Peggy G. Hensley, County Auditor
101 South Congress Street
P O Box 88
The duties and responsibilities of the Fairfield County Auditor are prescribed primarily in Title 12 of the Code of Laws of South Carolina and within the regulations as established by the South Carolina Department of Revenue (DOR) and the Comptroller General. We strive to provide the best and most efficient service to the citizens of Fairfield County.
Vehicle taxes are due the month your tag expires. In order to obtain a valid decal for your license plate, vehicle taxes must be paid. Your vehicle may qualify for a discount if you have high mileage. The mileage must be certified to the Auditor on or before the due date to qualify.
If your vehicle is over 15 years old, it does not qualify for the high mileage reduction. The value is already at a minimum charge.
High mileage may only be claimed when your vehicle is up for renewal and has to be appealed before the due date on your tax notice. Vehicles that classify as “350” or “3,500” series or higher are unable to qualify for high mileage. (Section 56-3-630) Motorcycles, campers and motor homes cannot qualify for high mileage.
The high mileage discount for dealer notices comes from the Affidavit & Notification of Motor Vehicles.
Churches and other Non-Profit Organizations must file with the South Carolina Department of Revenue to be exempt.
Disabled Veterans that have a 100% service connected disability should file through the Office of Veteran Affairs.
Persons who are over 65 or are totally and permanently disabled should contact the County Auditor about exemptions.
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FREQUENTLY ASKED QUESTIONS
Q. Why do we pay property tax?
A. Property tax is collected by local government to provide for the many services most of us take for granted. Schools, police and fire protection and public libraries are possible because of revenue from the property tax. We all pay our share of the cost of these services by paying tax in proportion to the value of our property.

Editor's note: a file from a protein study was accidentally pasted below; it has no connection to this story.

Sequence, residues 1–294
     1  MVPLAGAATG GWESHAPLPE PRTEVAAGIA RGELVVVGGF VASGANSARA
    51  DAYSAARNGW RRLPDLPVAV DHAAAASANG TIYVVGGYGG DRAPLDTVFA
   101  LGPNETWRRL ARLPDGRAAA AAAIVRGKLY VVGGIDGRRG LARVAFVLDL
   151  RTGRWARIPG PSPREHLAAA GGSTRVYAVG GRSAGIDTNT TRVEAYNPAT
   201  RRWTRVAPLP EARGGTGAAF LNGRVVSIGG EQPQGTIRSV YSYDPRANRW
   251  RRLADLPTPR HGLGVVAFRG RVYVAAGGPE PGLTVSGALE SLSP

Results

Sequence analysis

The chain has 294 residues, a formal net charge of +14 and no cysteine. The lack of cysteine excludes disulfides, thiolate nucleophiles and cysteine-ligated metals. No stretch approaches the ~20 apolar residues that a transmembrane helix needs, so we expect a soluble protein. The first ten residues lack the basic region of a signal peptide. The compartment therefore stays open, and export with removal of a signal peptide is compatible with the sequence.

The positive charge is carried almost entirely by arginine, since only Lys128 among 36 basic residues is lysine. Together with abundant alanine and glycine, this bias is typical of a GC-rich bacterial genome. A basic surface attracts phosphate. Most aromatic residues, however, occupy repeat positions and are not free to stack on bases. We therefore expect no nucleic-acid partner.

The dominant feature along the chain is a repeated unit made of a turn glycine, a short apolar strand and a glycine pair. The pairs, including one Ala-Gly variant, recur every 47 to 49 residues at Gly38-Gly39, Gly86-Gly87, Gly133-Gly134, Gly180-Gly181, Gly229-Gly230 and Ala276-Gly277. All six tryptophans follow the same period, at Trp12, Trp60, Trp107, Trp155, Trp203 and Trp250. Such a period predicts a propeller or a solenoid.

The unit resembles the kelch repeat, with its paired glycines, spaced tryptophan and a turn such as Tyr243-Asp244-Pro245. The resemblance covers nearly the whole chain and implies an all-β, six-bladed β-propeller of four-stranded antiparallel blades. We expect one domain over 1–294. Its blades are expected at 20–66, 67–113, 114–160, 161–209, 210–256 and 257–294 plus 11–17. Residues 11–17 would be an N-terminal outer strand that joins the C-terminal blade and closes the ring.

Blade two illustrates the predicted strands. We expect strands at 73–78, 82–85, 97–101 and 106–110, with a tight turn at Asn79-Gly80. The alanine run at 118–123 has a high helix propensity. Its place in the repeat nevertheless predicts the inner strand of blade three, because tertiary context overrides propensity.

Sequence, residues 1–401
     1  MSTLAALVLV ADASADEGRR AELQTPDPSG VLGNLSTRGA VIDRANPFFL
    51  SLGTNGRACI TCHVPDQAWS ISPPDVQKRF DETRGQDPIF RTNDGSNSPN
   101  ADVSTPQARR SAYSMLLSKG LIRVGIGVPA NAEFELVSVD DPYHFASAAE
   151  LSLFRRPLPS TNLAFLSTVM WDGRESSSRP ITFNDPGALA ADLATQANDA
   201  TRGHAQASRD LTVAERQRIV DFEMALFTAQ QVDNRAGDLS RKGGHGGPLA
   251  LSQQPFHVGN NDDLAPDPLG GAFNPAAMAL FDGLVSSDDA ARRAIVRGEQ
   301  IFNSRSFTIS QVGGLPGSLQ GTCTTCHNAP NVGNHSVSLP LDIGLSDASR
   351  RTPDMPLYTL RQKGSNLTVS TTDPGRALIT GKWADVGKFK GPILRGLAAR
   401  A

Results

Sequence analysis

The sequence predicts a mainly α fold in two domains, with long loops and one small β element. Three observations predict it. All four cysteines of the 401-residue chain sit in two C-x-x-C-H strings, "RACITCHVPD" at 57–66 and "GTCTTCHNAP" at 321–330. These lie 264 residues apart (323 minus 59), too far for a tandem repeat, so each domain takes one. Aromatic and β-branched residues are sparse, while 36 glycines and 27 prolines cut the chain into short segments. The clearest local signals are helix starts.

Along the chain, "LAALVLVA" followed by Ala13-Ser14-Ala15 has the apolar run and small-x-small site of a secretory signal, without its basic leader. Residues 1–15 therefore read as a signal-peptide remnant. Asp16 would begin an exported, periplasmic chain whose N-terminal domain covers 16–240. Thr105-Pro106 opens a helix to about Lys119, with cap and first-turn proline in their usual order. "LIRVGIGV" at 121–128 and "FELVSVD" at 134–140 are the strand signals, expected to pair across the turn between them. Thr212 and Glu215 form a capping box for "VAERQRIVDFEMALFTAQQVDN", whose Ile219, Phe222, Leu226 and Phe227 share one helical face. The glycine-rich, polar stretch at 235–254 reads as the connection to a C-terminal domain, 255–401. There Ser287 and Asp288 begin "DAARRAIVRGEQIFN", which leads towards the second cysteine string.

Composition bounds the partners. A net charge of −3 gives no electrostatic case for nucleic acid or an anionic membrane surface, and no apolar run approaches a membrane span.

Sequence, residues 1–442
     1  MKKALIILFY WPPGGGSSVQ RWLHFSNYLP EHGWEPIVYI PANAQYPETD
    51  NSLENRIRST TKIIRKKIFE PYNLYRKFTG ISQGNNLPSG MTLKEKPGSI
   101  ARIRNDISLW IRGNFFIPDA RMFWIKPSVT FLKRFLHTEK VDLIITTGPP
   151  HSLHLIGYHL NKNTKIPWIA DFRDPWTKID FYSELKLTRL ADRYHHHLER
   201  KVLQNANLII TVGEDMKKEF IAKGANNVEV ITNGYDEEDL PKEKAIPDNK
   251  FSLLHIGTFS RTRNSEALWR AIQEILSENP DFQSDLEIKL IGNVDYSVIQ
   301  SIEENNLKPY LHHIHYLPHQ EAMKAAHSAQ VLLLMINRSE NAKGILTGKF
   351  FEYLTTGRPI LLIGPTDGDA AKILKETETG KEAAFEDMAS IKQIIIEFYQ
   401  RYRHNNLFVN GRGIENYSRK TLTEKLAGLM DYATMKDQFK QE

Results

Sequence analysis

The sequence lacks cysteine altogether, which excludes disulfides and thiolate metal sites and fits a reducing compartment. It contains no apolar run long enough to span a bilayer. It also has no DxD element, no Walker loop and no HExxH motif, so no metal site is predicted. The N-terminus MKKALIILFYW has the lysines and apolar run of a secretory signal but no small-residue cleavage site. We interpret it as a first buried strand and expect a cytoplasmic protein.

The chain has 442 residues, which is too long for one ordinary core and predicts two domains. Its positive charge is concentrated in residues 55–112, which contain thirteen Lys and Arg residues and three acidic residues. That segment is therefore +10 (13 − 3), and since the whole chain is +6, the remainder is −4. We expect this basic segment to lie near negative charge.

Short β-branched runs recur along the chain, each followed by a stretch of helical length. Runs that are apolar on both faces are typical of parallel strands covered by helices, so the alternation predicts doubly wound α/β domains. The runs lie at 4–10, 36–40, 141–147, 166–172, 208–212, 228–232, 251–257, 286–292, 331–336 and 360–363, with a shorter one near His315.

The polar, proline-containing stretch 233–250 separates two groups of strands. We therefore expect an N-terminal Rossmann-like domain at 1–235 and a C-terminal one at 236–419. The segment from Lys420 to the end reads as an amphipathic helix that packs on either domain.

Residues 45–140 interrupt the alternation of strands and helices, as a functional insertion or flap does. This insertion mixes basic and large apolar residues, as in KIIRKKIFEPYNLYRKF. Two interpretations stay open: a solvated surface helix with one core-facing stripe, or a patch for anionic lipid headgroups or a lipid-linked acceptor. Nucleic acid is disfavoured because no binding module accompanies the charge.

Q. What is the Homestead Exemption program?
A. In 1972, the S. C. General Assembly passed the Homestead Exemption law which provides property tax relief for South Carolinians who are over 65, or totally and permanently disabled . The exemption excludes the first $50,000 from the fair market value of your legal residence.
Q. How do I qualify for the Homestead Exemption?
A. You may qualify for the exemption if you:
- Are at least 65 years of age on or before December 31, preceding the tax year in which you wish to claim the exemption; or,
- Are certified totally and permanently disabled on or before December 31, AND,
- Are a legal resident of South Carolina for at least one year on or before December 31 of the year prior to the exemption; and,
- Hold fee simple title or partial title to your house, mobile home, or life estate on or before December 31st of the year prior to the exemption, and have been approved to receive legal residence tax assessment ratio.
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Q. I have two houses, and am receiving discounts on one but not the other. Can I receive it on both?
A. No. State law provides that property tax exemptions and discounts apply only to the one legal residence of an eligible owner. (Note: married couples are eligible for only one legal residence.)
Q. Do senior citizens get property tax discounts on vehicles?
A. Property taxes are governed by state law in South Carolina. Currently, state law does not allow discounts to senior citizens for vehicle property taxes.
Q.Why am I getting a tax bill on a car I just bought from a dealer? Were not taxes and tags included?
A. When a dealer sells you a vehicle, the taxes that are included are “sales” tax. The bill that you received is for county property taxes. You have a 120 day grace period from the date of purchase of your new vehicle in which to pay the county property tax due on your vehicle. If you do not pay the taxes due by the due date, a notice will be sent to the Department of Motor Vehicles to suspend your drivers license. If your drivers license is suspended for non-payment of property taxes and you also hold a Commercial Drivers License (CDL), it will also be affected by the suspension.
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Q. Why do I have to pay taxes on my vehicle when I have turned in the tags and/or the vehicle has not been in use?
A. You pay taxes on what you “own”, not what you drive. As long as the vehicle is still registered in your name and has not been traded, junked or sold, you are responsible for paying the property taxes.